GoL completed part of the infrastructure work for a total of USD 19MM in Dec 2016, including a main breakwater of 1000m length with a reinforced concrete superstructure of 630m length, a secondary breakwater of 230m length, and a 150m commercial quay adjacent to the main breakwater.

EL BARED DAM

The project comprises two components:

  • A central core rock fill dam for water supply of 37 MCM (static) / 90 MCM (dynamic) annual storage capacity, of a height of 88m, length of 635m, and crest level of 180m and a fill volume of 4.80 MCM. Submerging an area of 113 Ha, it has very low leakage risk with no housing, archeological or infrastructure impact. The supply from the dam would rely on both pumping and gravity; and
  • The associated water treatment plant, transmission lines and reservoirs.

AIN DARA – AZOUNIEH DAM

The project comprises two components:

  • A central core rock fill dam for water supply of 4.1 MCM (static) / 5 MCM (dynamic) annual storage capacity, of a height of 53m, length of 300m, and crest level of 1106m and a fill volume of 0.74 MCM. Submerging an area of 28 Ha, it has low leakage risk with no housing or archeological issues but a moderate infrastructure impact. The supply from the dam would rely on gravity; and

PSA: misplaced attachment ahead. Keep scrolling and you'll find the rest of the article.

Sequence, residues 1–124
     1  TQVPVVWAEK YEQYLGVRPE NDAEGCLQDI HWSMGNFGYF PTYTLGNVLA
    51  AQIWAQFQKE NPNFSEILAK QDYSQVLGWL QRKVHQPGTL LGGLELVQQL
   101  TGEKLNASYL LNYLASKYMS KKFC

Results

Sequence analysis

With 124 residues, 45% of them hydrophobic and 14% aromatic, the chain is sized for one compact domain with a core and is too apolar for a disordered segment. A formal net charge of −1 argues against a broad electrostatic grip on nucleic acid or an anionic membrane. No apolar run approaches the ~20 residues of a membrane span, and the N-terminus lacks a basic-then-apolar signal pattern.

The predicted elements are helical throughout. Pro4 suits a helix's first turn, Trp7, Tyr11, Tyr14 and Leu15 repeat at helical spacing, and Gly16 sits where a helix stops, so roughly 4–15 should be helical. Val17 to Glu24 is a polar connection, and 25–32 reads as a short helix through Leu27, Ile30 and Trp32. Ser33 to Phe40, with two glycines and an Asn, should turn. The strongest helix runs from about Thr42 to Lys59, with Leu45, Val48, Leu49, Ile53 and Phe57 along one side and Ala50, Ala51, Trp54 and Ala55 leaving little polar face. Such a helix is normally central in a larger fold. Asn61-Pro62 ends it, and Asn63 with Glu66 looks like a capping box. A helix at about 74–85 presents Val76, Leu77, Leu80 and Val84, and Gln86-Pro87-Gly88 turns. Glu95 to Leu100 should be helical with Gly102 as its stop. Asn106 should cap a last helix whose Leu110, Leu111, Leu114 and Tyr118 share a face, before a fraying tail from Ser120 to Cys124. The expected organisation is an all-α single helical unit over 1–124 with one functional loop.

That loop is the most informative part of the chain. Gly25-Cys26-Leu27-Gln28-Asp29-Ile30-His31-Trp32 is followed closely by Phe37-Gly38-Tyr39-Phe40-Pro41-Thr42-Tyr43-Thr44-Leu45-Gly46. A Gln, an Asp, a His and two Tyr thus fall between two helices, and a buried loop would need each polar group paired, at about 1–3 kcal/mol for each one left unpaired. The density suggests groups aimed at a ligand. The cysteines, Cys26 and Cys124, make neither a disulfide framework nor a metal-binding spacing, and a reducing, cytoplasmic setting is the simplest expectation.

• The associated water treatment plant, transmission lines and reservoirs.

MAASER EL CHOUF DAM AND LAKE

The project comprises two components:

  • An asphalt concrete face rock fill dam for water supply of 2.2 MCM (static) / 2.2 MCM (dynamic) annual storage capacity, of a height of 51.5m, length of 253m, and crest level of 1131.5m and a fill volume of 0.5 MCM. Submerging an area of 13.5 Ha, it has high leakage risk with no housing, archeological or infrastructure impact, and no agricultural land loss. The supply from the dam would rely on gravity; and
  • The associated water treatment plant, transmission lines and reservoirs.

QORTADA-SFAILEH-DEIR KHOUNA-HLALIYEH WASTEWATER SYSTEM

The project comprises two main components:

  • Four wastewater treatment plants: Qortada (34,330 PE), Sfaileh (108,800 PE), Deir Khouna (79,478 PE) and Hlaliyeh (51,144 PE) in horizon year 2050; and
  • Their relative collection and conveyance systems, connecting 14,500 homes and all totaling 400km of lines and 284km of over-asphalting.

ALEY (MOEW MASTER PLAN ZONE 8) WASTEWATER SYSTEM

The project comprises two components:

  • Two activated sludge technology wastewater treatment plants: Maasriti/Chourit, serving Region A (65,000 PE year 2035 and 97,000 PE year 2050) and Charoun, serving Region B (15,000 PE year 2044 and 22,500 year 2050); and
  • Their relative collection and conveyance systems, totalling 266km of lines.

ALEY (MOEW MASTER PLAN ZONE 7) WASTEWATER SYSTEM

The project comprises two components: